## Bit Numbers

### Refering to a bit by bit number

If we have a value X we can identify each bit within X as Xj

We could either identify each bit within a byte as:

 right to left X7 X6 X5 X4 X3 X2 X1 X0
Or as:
 left to right X0 X1 X2 X3 X4 X5 X6 X7
The right to left representation is prefered however because by selecting the bit numbers of each bit within X to start at 0 and increasing from right to left, each bit Xj has the value 2n (where n is equal to j) (see a more detailed description of binary).
i.e.

X0 has the value 1 which is the same as 20

X1 has the value 2 which is the same as 21

X2 has the value 4 which is the same as 22

X3 has the value 8 which is the same as 23

The XCSB expression (1 << j) has the same effect as raising 2 to the (integer) power of j

Usefully, the PIC microcontroller has native instructions that use the right to left representation for selecting bits within bytes.

If we assign the value 00100101 to X we can pick out specific bits as

 X7 X6 X5 X4 X3 X2 X1 X0 0 0 1 0 0 1 0 1
So
bit 7 of X (shown as X7) has the value 0
bit 5 of X (shown as X5) has the value 1
bit 1 of X (shown as X1) has the value 0
bit 0 of X (shown as X0) has the value 1
To generate a value with a specific bit set to 1, we would find the bit number of the bit we are interested in (call this j) and calculate a mask pushing the bit left until it is in the required bit position.

e.g. calculating a mask with only bit X3 set

 X7 X6 X5 X4 X3 X2 X1 X0 start 0 0 0 0 0 0 0 1 shift left 0 0 0 0 0 0 0 0 1 shift left 1 0 0 0 0 0 0 1 0 shift left 2 0 0 0 0 0 1 0 0 shift left 3 0 0 0 0 1 0 0 0 finish 0 0 0 0 1 0 0 0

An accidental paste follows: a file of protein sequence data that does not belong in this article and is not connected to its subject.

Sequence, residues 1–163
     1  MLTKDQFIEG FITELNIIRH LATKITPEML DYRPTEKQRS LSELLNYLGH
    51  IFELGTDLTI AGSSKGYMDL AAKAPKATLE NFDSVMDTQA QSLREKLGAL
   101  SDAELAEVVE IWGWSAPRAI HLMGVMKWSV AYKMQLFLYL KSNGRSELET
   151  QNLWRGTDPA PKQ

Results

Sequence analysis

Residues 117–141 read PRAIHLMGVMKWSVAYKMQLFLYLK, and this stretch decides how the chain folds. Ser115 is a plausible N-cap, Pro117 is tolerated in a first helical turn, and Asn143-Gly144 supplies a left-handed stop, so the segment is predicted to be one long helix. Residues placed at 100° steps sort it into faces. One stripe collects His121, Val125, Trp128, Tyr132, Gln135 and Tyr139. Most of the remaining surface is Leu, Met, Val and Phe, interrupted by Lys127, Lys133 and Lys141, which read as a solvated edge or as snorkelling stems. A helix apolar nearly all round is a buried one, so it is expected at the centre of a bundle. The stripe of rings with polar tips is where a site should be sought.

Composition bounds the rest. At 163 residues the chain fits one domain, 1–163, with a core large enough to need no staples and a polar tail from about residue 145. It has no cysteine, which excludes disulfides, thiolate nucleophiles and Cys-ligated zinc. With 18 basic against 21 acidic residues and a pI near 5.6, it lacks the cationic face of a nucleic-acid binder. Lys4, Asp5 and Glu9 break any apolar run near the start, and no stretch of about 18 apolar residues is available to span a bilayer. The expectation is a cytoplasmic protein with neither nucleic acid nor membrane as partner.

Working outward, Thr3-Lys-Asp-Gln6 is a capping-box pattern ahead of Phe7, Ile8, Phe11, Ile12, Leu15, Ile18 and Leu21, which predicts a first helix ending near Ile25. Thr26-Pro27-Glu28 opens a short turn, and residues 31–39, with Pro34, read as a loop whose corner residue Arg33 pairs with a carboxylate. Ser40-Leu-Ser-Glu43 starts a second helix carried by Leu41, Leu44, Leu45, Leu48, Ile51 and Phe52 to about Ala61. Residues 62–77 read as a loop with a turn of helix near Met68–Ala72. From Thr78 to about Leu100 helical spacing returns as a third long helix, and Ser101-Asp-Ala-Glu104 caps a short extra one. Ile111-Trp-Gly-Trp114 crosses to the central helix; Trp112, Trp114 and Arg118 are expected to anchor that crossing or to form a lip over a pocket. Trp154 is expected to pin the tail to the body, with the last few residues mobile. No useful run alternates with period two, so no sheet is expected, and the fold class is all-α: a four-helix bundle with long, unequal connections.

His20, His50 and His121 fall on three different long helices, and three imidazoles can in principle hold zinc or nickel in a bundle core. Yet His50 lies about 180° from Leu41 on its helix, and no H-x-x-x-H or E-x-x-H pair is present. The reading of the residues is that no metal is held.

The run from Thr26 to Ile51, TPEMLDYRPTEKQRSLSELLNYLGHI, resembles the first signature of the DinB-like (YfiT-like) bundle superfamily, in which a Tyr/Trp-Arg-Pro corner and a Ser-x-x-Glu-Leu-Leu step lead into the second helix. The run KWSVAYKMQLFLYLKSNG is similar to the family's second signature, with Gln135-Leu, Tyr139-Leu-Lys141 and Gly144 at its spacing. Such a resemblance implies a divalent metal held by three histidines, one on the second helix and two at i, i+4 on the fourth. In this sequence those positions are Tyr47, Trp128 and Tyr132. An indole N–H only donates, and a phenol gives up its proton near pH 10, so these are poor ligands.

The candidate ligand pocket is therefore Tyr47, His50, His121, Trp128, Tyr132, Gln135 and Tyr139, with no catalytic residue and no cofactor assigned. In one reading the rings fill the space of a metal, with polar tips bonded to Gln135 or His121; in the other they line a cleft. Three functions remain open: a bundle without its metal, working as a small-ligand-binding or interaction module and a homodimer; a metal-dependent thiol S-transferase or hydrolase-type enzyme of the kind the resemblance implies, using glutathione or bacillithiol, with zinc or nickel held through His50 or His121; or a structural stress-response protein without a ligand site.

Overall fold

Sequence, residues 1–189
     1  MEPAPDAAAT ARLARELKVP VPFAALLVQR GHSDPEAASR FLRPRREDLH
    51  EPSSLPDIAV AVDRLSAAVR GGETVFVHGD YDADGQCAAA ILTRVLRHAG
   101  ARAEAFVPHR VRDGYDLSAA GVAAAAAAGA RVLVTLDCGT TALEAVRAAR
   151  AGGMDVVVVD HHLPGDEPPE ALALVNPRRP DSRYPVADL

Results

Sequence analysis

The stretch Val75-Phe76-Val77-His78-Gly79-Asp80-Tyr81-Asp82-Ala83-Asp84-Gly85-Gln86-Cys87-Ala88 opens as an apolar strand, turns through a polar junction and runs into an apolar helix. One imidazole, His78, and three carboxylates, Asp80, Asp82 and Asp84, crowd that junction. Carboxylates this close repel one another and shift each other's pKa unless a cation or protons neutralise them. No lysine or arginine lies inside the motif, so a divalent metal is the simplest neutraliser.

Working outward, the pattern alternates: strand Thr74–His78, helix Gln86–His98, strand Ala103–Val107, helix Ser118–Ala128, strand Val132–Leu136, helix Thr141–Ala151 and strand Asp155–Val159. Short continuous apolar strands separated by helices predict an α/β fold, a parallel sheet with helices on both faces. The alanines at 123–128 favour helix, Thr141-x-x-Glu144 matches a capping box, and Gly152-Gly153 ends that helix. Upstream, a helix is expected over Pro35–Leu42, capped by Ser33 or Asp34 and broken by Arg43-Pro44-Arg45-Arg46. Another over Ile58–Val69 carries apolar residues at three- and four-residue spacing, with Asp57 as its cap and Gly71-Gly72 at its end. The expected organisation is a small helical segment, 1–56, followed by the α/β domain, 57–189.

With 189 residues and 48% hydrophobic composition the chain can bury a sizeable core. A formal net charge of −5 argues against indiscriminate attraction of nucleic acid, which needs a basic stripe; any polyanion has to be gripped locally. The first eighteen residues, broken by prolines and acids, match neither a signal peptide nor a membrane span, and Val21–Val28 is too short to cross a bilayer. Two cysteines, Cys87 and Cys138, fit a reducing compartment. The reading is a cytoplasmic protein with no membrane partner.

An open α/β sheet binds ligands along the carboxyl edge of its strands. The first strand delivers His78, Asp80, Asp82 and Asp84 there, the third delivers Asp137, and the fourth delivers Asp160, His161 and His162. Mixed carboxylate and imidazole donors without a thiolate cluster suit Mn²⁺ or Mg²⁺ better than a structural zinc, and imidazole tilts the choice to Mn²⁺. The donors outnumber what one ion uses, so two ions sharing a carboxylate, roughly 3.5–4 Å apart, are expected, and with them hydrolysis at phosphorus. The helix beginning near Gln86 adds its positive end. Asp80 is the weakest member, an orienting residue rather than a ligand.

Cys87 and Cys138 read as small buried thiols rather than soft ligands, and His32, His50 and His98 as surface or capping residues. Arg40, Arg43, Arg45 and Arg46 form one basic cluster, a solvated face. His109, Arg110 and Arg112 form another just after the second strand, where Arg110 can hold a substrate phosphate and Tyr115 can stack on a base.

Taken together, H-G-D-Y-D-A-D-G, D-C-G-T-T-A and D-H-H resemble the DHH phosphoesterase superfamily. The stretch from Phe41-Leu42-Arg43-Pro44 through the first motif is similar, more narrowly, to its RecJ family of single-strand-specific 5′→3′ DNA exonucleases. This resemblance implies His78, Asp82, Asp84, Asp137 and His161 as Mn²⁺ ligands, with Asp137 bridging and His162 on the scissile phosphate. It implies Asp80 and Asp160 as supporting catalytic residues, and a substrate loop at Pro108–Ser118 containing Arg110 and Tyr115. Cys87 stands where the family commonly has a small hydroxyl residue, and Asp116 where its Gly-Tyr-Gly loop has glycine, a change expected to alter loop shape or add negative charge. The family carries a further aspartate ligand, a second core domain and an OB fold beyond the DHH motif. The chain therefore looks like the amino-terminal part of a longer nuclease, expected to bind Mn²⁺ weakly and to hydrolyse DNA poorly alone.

Using a traditional BASIC we could achive the above using
```	let X = 1

for J=1 to 3
X = X * 2
next J
```
In XCSB however we would use the left shift operator << and the expression:
```	(1 << 3)
```
to calculate the above mask of X3

In general if we want to calculate a mask for bit Xj we would use the expression:

```	(1 << j)
```
XCSB actualy trys very hard to convert bit manipulation expressions into single native PIC instructions.
e.g. the XCSB expression
```	X = X | (1 << 3)
```
is converted into the PIC instruction
```	bsf	X, 3
```
and the XCSB expression
```	X = X & ~(1 << 3)
```
is converted into the PIC instruction
```	bcf	X, 3
```

### using a bit mask

Having calculated a bit mask we can use it to set, clear or test a bit withing a variable

### set bit

To set a bit we would use the binary OR operator

```e.g.
X = 0x21
J = 2
X = X | (1 << J)
```
Looking step by step at the computation we see
 X7 X6 X5 X4 X3 X2 X1 X0 E7 E6 E5 E4 E3 E2 E1 E0 X = 0x21 0 0 1 0 0 0 0 1 E = (1 << J) 0 0 0 0 0 1 0 0 X = X | E 0 0 1 0 0 1 0 1 x
For definition of X7, X6, X5 etc., see Refering to a bit by bit number

### clear bit

To clear a bit we would use the binary NOT and AND operators

```e.g.
X = 0x25
J = 2
X = X & ~(1 << J)
```
Looking step by step at the computation we see
 X7 X6 X5 X4 X3 X2 X1 X0 E7 E6 E5 E4 E3 E2 E1 E0 X = 0x25 0 0 1 0 0 1 0 1 E = (1 << J) 0 0 0 0 0 1 0 0 E = ~E 1 1 1 1 1 0 1 1 X = X & E 0 0 1 0 0 0 0 1 x
For definition of X7, X6, X5 etc., see Refering to a bit by bit number

### test bit

To test a bit we would use the binary AND and NOT EQUAL operators

```e.g.
X = 0x21
J = 2
T = (X & (1 << J)) != 0
```
Looking step by step at the computation we see
 X7 X6 X5 X4 X3 X2 X1 X0 E7 E6 E5 E4 E3 E2 E1 E0 T7 T6 T5 T4 T3 T2 T1 T0 X = 0x21 0 0 1 0 0 0 0 1 E = (1 << J) 0 0 0 0 0 1 0 0 E = X & E x 0 0 0 0 0 0 0 0 T = (E != 0) x x x x x x x x 0 0 0 0 0 0 0 0
```e.g.
X = 0x25
J = 2
T = (X & (1 << J)) != 0
```
Looking step by step at the computation we see
 X7 X6 X5 X4 X3 X2 X1 X0 E7 E6 E5 E4 E3 E2 E1 E0 T7 T6 T5 T4 T3 T2 T1 T0 X = 0x25 0 0 1 0 0 1 0 1 E = (1 << J) 0 0 0 0 0 1 0 0 E = X & E x 0 0 0 0 0 1 0 0 T = (E != 0) x x x x x x x x 0 0 0 0 0 0 0 1
For definition of X7, X6, X5 etc., see Refering to a bit by bit number